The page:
At sunrise, a unit of sixty commandos became the first of thousands of Iraqi forces to enter Khorramshahr via the southernmost port. This force was repulsed by a number of Pasdaran defenders, eight of whom were killed. Even with this news, tanks and mechanized units of the Iraqi 3rd Division moved into the city later that day. One force moved in to occupy a slaughterhouse, another to take the railway station, and another to secure the Dej barracks in the Taleqani district. The Pasdaran awaited the Iraqis at these positions with rocket propelled grenades and Molotov cocktails. It was in the suburbs that the Iraqi attack stalled when they encountered Chieftain tanks. Local counter attacks by Pasdaran anti-tank teams turned back the Iraqi forces at several points. Later reports indicated in-fighting amongst Iraqi units, a sign of weakness for poorly trained conscripts. The sheer weight of the Iraqi tank force was effective against the anti-tank teams, but when Iranian armour was encountered, it stopped attacks cold. After fierce fighting, the Iraqis briefly occupied the slaughterhouse and the railway station, but were repulsed back to previous positions on the outskirts of the city.

Second Phase[edit]

Iraqi T-62 tank wreckage at Khorramshahr, Khuzestan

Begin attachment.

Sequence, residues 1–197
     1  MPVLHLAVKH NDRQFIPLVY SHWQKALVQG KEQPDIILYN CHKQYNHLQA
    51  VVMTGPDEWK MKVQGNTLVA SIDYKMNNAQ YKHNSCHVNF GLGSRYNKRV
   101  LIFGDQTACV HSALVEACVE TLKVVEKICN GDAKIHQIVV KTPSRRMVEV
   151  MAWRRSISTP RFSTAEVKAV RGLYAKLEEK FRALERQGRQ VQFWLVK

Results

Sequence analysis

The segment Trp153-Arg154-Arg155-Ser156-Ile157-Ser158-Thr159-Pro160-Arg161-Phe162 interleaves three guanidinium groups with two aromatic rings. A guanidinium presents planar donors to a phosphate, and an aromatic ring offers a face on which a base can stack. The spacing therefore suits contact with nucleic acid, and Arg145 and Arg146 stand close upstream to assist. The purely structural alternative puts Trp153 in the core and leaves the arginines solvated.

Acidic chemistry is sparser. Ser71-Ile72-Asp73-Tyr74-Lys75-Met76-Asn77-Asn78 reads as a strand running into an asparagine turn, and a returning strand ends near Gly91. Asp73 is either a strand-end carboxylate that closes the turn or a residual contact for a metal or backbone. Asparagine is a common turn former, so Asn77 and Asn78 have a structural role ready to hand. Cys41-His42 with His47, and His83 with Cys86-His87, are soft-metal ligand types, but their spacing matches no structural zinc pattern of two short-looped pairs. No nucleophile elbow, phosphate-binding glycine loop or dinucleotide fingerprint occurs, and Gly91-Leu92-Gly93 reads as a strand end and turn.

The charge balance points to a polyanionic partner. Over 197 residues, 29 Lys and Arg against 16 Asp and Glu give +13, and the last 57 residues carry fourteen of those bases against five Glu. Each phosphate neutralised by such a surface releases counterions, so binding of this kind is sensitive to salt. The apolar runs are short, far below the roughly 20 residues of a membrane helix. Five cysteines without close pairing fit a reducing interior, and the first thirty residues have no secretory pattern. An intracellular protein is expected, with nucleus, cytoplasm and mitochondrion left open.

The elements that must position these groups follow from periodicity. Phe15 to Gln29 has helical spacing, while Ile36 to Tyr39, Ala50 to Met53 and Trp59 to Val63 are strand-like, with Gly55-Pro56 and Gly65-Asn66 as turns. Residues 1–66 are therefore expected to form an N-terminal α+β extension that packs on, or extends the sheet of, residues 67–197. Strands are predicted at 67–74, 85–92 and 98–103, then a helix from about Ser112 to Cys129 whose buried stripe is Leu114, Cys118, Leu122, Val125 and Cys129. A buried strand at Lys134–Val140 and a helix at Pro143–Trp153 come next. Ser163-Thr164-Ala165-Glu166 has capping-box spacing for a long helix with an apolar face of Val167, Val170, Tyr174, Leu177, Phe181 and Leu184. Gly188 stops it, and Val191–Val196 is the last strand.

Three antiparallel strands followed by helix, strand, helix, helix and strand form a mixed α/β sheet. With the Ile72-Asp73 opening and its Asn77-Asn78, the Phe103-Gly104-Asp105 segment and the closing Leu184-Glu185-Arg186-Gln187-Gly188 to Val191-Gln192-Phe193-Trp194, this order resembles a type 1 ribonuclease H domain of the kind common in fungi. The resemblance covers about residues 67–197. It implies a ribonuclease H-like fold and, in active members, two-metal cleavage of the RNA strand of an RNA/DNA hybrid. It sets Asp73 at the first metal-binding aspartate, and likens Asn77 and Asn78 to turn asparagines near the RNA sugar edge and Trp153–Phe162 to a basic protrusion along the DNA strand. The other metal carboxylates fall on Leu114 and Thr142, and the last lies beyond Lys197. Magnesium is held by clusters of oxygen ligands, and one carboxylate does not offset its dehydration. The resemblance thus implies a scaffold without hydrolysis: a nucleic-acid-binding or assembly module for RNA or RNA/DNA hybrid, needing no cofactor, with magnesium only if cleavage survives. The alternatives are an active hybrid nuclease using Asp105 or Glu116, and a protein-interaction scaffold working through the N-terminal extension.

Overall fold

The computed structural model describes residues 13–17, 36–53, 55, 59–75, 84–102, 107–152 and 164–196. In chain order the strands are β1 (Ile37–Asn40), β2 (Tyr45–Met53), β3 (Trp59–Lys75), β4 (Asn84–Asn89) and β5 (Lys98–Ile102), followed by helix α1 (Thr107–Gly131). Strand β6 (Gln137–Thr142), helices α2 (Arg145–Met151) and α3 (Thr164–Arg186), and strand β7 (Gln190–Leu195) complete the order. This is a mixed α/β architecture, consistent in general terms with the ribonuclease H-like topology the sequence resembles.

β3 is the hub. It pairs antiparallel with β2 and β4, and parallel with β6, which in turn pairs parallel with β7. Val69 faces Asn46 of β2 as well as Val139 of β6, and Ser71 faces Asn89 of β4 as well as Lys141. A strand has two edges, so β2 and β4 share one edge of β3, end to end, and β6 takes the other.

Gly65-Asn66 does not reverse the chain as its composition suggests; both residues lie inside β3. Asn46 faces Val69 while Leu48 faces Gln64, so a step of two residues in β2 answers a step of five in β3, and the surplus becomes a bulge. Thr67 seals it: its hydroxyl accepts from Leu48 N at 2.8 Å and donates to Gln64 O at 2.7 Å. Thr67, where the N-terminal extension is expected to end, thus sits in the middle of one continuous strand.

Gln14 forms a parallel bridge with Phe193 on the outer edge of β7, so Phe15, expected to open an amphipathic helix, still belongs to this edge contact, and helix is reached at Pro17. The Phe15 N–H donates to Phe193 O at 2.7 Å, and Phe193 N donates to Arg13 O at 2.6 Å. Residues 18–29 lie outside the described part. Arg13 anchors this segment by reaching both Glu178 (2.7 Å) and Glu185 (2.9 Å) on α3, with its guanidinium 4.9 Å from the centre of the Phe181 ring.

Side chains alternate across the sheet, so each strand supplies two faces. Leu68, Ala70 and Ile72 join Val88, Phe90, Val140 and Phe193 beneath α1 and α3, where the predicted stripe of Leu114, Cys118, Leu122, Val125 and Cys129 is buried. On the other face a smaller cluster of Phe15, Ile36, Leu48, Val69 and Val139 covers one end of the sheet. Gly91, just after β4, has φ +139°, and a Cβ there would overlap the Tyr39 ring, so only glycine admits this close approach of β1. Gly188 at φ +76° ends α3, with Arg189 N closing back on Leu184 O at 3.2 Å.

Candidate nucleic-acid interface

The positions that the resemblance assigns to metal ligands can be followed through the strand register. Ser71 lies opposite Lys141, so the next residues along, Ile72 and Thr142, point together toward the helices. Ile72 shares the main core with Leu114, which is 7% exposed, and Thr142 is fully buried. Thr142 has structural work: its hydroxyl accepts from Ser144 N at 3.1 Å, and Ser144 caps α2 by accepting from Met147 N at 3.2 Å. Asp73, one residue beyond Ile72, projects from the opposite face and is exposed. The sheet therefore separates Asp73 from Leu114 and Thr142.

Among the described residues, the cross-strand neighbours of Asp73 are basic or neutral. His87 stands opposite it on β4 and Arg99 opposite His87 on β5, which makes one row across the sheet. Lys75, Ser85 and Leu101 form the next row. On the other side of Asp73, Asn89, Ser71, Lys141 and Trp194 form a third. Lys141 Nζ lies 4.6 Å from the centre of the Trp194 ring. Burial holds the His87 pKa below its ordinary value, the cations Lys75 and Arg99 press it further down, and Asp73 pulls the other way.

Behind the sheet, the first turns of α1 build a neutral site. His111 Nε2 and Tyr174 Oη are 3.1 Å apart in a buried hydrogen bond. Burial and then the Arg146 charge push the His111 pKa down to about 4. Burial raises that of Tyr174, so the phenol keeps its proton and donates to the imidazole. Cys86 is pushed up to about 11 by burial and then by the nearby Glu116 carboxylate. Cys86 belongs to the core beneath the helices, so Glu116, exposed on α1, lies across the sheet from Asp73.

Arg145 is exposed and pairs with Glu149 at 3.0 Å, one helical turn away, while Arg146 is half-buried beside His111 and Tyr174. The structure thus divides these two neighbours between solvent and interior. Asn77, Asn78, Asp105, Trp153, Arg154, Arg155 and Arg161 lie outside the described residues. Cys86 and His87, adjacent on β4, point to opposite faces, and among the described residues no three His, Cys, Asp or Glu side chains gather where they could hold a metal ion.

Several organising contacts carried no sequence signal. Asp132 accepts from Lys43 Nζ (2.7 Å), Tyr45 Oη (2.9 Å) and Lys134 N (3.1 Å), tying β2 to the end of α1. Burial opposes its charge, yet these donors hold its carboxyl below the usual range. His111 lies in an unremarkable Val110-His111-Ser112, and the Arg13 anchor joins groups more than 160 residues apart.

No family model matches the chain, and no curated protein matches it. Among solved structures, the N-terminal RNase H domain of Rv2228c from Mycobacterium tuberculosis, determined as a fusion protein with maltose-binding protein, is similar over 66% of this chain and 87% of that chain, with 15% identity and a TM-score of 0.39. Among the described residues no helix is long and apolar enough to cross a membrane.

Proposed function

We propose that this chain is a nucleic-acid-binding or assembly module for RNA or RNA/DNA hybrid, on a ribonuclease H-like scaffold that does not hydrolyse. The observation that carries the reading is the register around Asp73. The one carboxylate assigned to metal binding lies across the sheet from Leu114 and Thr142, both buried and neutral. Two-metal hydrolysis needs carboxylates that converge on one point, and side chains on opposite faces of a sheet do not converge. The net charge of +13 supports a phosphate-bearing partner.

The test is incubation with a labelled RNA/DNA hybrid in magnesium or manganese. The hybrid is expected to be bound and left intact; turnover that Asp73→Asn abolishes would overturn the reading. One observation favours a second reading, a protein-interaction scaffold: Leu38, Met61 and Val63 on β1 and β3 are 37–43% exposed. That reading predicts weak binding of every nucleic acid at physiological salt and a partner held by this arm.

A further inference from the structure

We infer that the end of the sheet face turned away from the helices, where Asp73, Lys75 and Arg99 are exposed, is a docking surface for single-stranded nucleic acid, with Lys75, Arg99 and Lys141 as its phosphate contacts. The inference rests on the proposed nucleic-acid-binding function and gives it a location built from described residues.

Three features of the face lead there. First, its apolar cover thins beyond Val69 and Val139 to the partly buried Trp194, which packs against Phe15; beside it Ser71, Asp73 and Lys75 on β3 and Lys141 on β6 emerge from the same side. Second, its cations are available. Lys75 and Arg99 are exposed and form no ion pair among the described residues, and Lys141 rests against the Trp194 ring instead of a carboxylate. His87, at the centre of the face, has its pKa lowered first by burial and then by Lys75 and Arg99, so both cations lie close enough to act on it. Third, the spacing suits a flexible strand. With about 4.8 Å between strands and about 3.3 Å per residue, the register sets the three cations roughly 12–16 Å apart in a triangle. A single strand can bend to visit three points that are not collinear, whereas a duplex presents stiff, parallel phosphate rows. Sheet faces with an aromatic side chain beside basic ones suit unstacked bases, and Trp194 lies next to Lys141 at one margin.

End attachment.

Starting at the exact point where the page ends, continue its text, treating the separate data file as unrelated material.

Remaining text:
In response to the first assault’s heavy losses, the Iraqis recuperated on the outskirts of the city until their next attack on October 11. During that time, the Iraqis mercilessly shelled the city, under orders from Iraqi Colonel Ahmad Zeidan. The high command decided to send in additional commando units with armour providing backup.

On October 14, the Iraqis moved in once again, using the element of night attacks to advance troops, gain surprise, and place observation points in tall buildings. The Iranians would often use snipers at night, which bogged down the invading Iraqis. Due to repeated assaults of combined arms, the Iraqis managed to overtake the Iranian Chieftain tanks and Pasdaran units.

With these tactics, the Iraqis achieved significant results with Special Forces and Commando units seizing the port and traffic police station. Armoured brigades seized the Dej barracks in the Taleqani district and gained control of the main highway leading to the Grand Mosque. Battles were often fought house-to-house, floor-to-floor, and room-to-room. Reports indicate that Iraqis would at times encounter Pasdaran and Basij units armed with anything from assault rifles to sticks and knives.

Third Phase[edit]